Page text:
Spotlight on Chasing Our Tails
Treat maker Chasing Our Tails isn’t letting the coronavirus get in the way of innovation.
Despite the uncertainty surrounding COVID-19, Chasing Our Tails has continued to expand its product offerings and meet the needs of its customers. The dog treat manufacturer’s parent company has made three major acquisitions during the pandemic.
“We never stop looking at opportunities,” says Elena Kalogeropoulos, CEO.
In addition to acquiring two private-label treat lines that included former competitor Venison Joe’s, Chasing Our Tails’ parent company also bought a poultry plant to help it do what it does best—craft single-ingredient treats and chews that are both safe and tasty.
From One Treat to Many
To get to this point, the Minneota, Minn.-based manufacturer has gone through multiple evolutions that even included ownership of a retail store.
Chasing Our Tails president Stephen Trachtenberg launched the company in 2009 with a line of dog biscuits. Inspired by Trachtenberg’s experience attending French culinary school, Chasing Our Tails looked to utilize classic cooking methods to making dog treats.
“We’re using traditional food techniques and applying them to the pet sphere in order to create something different,” says Kalogeropoulos.
The company now produces preservative-free chews made from easily identifiable proteins that come from USDA-inspected production lines. Its growing product offering now includes hardwood smoked bones, dehydrated treats, freeze-dried treats, antler chews and other items that are made and sourced in the U.S.
Using company-owned meat plants in the U.S., Chasing Our Tails now sells almost 100,000 units online every month, with its products in over 5,000 specialty stores throughout the country. It also boasts a private-label division that produces treats for around 20 clients.
Kalogeropoulos has been with Chasing Our Tails for about three years and was promoted to CEO six months ago. She came to the company after a 16-year stint in finance, wanting to create something “more tangible” with her career.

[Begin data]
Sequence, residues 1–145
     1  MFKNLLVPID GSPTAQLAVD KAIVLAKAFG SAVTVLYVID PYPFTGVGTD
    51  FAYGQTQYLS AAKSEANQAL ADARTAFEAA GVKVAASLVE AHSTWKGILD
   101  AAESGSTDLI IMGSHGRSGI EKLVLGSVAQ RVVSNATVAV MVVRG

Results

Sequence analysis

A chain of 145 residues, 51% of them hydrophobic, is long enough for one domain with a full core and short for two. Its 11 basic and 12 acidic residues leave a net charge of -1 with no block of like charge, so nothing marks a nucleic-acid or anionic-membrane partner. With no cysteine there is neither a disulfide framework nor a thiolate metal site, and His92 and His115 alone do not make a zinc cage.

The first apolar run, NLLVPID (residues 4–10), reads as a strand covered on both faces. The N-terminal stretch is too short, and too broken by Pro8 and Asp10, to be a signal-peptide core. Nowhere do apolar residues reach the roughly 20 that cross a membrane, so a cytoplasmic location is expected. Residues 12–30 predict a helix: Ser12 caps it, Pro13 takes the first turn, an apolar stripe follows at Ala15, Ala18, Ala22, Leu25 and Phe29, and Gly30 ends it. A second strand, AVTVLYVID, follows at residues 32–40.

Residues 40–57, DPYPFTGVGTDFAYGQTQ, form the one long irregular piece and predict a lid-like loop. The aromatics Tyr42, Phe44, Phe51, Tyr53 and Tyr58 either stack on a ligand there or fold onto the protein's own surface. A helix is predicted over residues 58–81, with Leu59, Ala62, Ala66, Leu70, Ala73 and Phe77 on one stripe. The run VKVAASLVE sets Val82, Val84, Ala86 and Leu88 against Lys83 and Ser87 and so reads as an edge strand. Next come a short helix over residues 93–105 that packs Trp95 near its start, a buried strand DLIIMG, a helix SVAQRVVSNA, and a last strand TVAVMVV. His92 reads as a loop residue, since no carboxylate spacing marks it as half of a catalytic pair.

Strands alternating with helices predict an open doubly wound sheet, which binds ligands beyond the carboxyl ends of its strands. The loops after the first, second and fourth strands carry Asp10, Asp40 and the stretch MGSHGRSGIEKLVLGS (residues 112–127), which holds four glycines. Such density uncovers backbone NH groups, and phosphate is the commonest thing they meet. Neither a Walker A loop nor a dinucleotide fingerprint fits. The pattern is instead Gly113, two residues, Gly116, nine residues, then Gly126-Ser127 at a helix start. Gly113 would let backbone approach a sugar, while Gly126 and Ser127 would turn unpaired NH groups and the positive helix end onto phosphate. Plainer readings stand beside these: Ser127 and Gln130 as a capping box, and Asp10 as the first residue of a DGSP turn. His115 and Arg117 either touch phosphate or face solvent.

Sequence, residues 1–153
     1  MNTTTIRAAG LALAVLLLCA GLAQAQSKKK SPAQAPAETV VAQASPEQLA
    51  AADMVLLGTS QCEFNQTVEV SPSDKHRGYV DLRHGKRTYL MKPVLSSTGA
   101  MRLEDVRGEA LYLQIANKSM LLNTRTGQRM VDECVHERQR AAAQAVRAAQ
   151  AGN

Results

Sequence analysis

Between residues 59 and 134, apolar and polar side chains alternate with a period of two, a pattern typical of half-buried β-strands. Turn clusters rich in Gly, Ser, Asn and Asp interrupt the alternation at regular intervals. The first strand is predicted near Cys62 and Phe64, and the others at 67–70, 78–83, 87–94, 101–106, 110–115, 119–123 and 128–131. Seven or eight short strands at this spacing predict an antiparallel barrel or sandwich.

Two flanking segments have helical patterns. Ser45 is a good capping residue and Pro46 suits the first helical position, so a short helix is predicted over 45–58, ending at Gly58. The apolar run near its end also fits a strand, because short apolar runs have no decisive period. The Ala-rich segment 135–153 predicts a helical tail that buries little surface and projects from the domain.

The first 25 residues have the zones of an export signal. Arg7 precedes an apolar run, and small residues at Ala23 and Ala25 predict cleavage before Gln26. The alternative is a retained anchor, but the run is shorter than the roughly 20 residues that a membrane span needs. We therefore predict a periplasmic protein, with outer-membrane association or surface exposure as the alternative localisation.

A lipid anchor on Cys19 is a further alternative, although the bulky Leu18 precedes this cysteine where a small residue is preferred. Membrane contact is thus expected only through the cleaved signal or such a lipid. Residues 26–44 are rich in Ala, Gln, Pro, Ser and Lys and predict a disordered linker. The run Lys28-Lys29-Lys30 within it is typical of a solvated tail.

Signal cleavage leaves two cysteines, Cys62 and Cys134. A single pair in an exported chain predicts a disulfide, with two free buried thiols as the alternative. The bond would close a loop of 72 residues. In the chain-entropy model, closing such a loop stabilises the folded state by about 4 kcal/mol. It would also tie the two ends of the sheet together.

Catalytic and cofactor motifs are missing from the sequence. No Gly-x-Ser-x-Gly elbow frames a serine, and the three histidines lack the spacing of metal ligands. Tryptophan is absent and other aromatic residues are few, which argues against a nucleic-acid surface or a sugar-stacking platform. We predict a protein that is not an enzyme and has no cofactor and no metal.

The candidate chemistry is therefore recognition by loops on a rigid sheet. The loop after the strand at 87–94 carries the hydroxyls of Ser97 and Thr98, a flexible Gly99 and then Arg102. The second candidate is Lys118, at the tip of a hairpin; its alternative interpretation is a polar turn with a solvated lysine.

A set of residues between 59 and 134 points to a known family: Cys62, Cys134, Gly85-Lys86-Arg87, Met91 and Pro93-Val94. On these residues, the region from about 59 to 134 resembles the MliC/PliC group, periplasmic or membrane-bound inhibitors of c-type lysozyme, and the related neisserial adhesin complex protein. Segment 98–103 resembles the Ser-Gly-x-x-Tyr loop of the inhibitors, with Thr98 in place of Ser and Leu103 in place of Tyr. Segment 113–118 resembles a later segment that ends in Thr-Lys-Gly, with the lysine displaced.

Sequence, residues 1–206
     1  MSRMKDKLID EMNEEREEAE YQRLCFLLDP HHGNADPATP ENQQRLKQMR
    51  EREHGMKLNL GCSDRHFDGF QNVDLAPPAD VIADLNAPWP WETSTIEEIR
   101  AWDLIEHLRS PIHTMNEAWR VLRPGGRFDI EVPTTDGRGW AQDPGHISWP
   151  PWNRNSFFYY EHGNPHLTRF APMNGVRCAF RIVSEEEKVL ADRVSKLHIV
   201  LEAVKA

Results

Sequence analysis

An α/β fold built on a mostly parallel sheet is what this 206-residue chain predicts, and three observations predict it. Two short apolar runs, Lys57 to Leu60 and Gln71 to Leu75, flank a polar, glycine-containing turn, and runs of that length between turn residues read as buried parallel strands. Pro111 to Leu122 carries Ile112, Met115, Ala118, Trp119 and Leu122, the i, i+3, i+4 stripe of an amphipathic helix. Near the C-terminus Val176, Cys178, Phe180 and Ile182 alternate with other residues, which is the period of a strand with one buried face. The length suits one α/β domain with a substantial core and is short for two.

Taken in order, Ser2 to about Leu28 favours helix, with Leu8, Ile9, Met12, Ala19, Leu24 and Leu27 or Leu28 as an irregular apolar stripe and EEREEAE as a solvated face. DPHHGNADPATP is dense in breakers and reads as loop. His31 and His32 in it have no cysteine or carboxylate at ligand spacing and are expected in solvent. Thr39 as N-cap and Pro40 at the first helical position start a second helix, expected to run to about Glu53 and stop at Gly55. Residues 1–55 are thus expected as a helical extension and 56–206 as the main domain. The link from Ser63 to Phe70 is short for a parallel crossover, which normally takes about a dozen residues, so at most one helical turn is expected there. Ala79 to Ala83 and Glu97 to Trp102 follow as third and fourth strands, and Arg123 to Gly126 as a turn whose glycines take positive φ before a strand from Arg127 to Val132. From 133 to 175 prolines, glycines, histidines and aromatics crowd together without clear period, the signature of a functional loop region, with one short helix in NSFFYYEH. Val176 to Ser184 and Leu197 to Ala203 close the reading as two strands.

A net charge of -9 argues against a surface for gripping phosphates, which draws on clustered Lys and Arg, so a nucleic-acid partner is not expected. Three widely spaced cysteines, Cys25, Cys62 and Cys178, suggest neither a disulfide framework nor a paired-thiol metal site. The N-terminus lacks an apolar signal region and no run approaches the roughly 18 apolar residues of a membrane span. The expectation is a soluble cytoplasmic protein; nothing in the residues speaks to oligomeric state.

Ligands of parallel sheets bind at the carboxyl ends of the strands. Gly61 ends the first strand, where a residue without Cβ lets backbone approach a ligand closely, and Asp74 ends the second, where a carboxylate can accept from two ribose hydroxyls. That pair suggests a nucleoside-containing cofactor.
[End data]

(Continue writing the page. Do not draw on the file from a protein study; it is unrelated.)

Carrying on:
“I come from four generations of manufacturers,” she says. “I love making stuff. I love that concept.”
She also explains that the company’s philosophy made it easy to get on board.
“I really became passionate about it,” she says. “I began to understand what made us different, what made us unique, and that’s really kind of what became my battle cry.”
What sets Chasing Our Tails aside from other companies is its commitment to creating a great treat experience for pets using just one ingredient, according to Kalogeropoulos. The company’s products do not have added chemicals and are made through a process using zero waste initiatives, such as including offal in the treats.
The company also takes special care in crafting specific types of treats and chews. Its bone chews are prepared through a process that keeps the marrow intact and the bone from cooking, reducing the chance that the treat splinters and harms a canine. The bone chews are also hand-trimmed.
“We’re more akin to a bunch of sous chefs than we are to machine operators,” says Kalogeropoulos.
When it comes to bully sticks, the company has succeeded in producing one that is 100 percent odorless. Though the chew is sourced from U.S. meat, Kalogeropoulos explains that customers often assume it’s made of plastic because it’s stench-free. She explained that this innovation helps pet parents from being turned off from a product that dogs love.
In juggling the many aspects of Chasing Our Tails’ operations, Kalogeropoulos says that, at any given time, she could be doing anything from taking meetings to making customer calls to helping out in the production kitchens. Along the way, she’s always asking herself how the company can produce more while still maintaining consistently high quality.
In handling the company’s expanding business, Kalogeropoulos breaks down its progress into small, achievable goals with the mission of delivering on what Chasing Our Tails promises its customers. She adds that it also helps to focus on the company’s canine customers who inspire her to meet high standards.
“We’re providing a product for somebody who can’t speak for themselves in a traditional way,” Kalogeropoulos says.
Though Chasing Our Tails has managed to push forward in its progress during the coronavirus pandemic, the company hasn’t been without challenges. COVID-19 has put constraints on the company’s meat supply lines as plants take safety precautions and limit their worker numbers.
However, that hasn’t stopped the company from growing its product portfolio and moving forward in its research and development. Chasing Our Tails is looking to expand into training and functional treats, as well as grow its 100,000 square feet of manufacturing space in Minnesota.
“We’re continuing to improve and expand on our facility here,” Kalogeropoulos says.
While some companies in the pet industry have taken a wait-and-see approach amid the pandemic and are currently stuck in a holding pattern, that’s not the case with Chasing Our Tails. Kalogeropoulos says the company has never stopped looking ahead to the future and hasn’t taken a time-out just because of the outbreak.
“There’s no specific time for innovation,” she says. “There’s no specific time for success.” PB